If we turn our attention to the modules (sometimes also referred to as components), knowledge of such internal aspects can be helpful, but is also a question of judgement and test strategy when it comes to the actual design of the tests. We are gradually moving into the area of black box testing. We have already dealt with these two approaches to software testing in more detail some time ago:
With module tests, we can consider several small units as belonging together and test them together as a group. For example, this could be a more complex functionality in a service of an application. Other parts of the application are replaced by mocks or stubs that specify clearly defined behaviour for all aspects of the application, that are not currently relevant, without being directly dependent on their actual implementation (and immediately affected by changes). For Spring Boot applications, for example, it is possible to test individual layers of the application separately. This means that only part of the application is actually initialised and executed for the execution of the tests, which has a positive effect on the runtime of the tests. This is important because we still want to receive feedback quickly and often and execute the module tests automatically as part of the build process.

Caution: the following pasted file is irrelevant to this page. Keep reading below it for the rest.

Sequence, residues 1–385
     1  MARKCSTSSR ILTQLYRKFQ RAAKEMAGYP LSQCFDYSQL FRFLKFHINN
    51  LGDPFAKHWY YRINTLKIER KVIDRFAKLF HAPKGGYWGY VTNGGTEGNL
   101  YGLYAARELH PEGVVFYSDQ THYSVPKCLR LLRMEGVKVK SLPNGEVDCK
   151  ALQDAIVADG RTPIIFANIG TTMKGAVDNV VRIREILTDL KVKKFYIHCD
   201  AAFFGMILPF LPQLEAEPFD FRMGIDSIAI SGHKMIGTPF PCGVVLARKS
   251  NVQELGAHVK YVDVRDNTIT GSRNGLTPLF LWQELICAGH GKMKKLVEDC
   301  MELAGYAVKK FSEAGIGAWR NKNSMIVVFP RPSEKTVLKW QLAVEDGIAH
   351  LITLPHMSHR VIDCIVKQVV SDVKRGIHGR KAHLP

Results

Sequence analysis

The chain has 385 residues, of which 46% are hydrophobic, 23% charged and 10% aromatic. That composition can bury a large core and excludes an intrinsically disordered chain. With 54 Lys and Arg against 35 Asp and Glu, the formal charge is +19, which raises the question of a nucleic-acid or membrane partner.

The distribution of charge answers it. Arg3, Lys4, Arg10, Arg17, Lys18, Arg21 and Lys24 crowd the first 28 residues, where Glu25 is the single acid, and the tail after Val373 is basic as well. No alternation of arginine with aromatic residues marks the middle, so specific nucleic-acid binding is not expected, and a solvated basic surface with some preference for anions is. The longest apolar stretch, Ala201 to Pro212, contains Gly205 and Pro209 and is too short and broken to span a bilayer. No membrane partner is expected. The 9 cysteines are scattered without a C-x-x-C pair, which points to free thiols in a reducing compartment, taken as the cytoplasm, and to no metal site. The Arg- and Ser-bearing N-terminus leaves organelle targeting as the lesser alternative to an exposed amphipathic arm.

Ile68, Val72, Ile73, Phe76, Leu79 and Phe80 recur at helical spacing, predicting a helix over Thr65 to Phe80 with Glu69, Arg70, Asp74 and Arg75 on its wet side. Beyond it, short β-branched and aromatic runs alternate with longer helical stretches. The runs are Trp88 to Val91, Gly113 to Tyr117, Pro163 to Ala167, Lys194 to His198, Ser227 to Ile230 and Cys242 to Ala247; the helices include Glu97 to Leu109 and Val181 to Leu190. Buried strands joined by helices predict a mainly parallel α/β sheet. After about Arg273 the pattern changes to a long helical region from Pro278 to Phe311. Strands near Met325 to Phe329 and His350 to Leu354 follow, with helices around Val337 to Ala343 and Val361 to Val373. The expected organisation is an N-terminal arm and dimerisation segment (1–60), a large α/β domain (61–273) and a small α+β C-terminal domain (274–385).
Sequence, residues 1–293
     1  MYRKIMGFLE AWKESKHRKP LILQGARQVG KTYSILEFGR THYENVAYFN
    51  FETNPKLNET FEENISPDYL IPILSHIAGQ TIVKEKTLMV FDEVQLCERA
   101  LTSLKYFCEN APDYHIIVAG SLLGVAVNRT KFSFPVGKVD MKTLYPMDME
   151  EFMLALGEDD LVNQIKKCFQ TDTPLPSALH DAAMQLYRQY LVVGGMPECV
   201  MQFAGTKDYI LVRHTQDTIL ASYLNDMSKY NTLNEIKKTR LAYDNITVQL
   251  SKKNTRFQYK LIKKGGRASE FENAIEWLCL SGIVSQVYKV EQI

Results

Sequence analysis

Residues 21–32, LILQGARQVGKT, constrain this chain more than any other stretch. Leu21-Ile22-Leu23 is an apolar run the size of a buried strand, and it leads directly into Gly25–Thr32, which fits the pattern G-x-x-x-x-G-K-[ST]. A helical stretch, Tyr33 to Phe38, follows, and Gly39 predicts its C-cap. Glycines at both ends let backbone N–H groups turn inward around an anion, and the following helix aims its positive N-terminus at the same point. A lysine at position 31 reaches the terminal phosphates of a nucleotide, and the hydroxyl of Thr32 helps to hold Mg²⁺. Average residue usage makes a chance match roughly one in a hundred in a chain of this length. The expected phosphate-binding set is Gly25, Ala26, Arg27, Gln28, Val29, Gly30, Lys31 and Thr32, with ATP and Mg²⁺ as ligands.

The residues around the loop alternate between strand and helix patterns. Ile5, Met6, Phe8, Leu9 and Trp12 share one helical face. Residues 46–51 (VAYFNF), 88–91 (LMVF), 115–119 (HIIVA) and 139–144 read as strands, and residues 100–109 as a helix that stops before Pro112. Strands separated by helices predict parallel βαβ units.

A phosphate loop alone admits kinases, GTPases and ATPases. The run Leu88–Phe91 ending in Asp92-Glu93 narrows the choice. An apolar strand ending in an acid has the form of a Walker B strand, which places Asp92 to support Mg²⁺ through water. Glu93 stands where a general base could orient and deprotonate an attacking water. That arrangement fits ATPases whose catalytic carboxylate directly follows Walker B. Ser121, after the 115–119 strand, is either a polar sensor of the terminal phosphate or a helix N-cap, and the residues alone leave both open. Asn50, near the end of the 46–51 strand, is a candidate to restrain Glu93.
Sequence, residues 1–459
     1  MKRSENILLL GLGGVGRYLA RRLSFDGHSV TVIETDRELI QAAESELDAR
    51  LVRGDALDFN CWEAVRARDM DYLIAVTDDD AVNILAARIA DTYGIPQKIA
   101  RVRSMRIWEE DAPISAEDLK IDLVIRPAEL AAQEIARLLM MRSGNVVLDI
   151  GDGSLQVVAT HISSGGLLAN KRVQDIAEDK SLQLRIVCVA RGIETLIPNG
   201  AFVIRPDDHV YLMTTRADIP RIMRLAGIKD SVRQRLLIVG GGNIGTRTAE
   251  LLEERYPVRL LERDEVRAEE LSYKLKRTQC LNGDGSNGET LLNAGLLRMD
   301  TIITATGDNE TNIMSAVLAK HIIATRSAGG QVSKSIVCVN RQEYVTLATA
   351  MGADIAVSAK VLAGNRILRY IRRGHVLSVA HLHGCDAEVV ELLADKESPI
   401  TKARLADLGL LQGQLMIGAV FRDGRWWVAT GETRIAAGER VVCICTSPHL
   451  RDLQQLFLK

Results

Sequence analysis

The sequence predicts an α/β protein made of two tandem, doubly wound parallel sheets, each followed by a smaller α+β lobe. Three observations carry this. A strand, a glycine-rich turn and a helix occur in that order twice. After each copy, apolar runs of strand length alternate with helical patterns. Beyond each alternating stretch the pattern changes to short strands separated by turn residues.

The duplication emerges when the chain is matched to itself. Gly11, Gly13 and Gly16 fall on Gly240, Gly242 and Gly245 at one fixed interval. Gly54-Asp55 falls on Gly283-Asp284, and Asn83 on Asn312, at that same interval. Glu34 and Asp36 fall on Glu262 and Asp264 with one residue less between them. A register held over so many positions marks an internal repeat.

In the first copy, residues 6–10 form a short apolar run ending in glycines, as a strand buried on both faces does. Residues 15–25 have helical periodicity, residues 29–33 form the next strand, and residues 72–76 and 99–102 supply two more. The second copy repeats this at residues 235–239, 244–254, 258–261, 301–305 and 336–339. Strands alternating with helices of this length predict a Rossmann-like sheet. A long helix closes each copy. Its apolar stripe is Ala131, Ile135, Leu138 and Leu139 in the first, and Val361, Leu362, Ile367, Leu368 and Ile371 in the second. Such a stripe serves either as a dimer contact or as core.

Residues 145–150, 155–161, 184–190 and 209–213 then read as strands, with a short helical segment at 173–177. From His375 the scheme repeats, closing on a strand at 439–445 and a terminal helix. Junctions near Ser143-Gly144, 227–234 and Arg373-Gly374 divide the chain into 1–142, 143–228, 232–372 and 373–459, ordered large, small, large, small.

On the other hand, it is also conceivable to view the entire application as a module (of a larger system) and thus test it as a whole, as a black box. In this case, we would only use mocks and stubs for external dependencies that are not directly part of our application. This could be, for example, interaction with an authentication server or identity provider. For test execution, the application can be started locally and called “from outside” with libraries such as REST-assured. This means that the tests also run through all the security mechanisms that are intended for the application, while other module test options only start later and therefore skip or bypass the first levels of request handling.